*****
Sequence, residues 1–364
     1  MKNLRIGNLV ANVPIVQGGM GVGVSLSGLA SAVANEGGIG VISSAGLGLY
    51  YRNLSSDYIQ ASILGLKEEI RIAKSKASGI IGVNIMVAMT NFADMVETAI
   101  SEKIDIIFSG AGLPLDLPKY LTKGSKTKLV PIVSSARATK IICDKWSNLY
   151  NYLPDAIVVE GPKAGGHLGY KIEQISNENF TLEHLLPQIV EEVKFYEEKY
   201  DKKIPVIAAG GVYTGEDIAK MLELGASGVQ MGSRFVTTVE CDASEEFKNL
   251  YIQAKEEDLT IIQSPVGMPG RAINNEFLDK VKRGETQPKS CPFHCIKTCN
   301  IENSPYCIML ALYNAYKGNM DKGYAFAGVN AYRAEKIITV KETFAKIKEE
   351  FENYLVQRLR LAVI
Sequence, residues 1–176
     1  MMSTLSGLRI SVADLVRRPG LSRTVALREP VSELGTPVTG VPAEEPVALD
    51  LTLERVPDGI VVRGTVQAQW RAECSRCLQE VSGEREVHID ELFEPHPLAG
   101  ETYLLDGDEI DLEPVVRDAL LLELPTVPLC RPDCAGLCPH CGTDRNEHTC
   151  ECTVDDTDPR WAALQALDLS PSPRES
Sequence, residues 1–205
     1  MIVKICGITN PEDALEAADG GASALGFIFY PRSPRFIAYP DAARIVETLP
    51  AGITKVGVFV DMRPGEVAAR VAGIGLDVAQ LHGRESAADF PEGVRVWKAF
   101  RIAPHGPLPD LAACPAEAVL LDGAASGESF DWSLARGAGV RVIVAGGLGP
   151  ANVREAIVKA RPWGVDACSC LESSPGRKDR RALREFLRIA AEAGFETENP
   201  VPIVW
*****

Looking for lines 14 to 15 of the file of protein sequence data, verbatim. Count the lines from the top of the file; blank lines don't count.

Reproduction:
   151  ECTVDDTDPR WAALQALDLS PSPRES
Sequence, residues 1–205